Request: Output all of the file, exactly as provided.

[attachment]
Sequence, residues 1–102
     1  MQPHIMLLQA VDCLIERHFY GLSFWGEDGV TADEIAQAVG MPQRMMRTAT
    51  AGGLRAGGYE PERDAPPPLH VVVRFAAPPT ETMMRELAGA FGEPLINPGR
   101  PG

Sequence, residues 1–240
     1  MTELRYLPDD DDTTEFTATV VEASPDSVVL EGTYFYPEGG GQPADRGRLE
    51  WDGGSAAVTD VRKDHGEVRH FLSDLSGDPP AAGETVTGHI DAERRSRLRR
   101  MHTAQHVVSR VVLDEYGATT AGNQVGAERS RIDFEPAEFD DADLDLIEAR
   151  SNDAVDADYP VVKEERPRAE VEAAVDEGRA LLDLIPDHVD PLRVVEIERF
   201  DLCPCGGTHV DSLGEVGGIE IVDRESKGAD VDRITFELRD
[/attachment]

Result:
Sequence, residues 1–102
     1  MQPHIMLLQA VDCLIERHFY GLSFWGEDGV TADEIAQAVG MPQRMMRTAT
    51  AGGLRAGGYE PERDAPPPLH VVVRFAAPPT ETMMRELAGA FGEPLINPGR
   101  PG

Sequence, residues 1–240
     1  MTELRYLPDD DDTTEFTATV VEASPDSVVL EGTYFYPEGG GQPADRGRLE
    51  WDGGSAAVTD VRKDHGEVRH FLSDLSGDPP AAGETVTGHI DAERRSRLRR
   101  MHTAQHVVSR VVLDEYGATT AGNQVGAERS RIDFEPAEFD DADLDLIEAR
   151  SNDAVDADYP VVKEERPRAE VEAAVDEGRA LLDLIPDHVD PLRVVEIERF
   201  DLCPCGGTHV DSLGEVGGIE IVDRESKGAD VDRITFELRD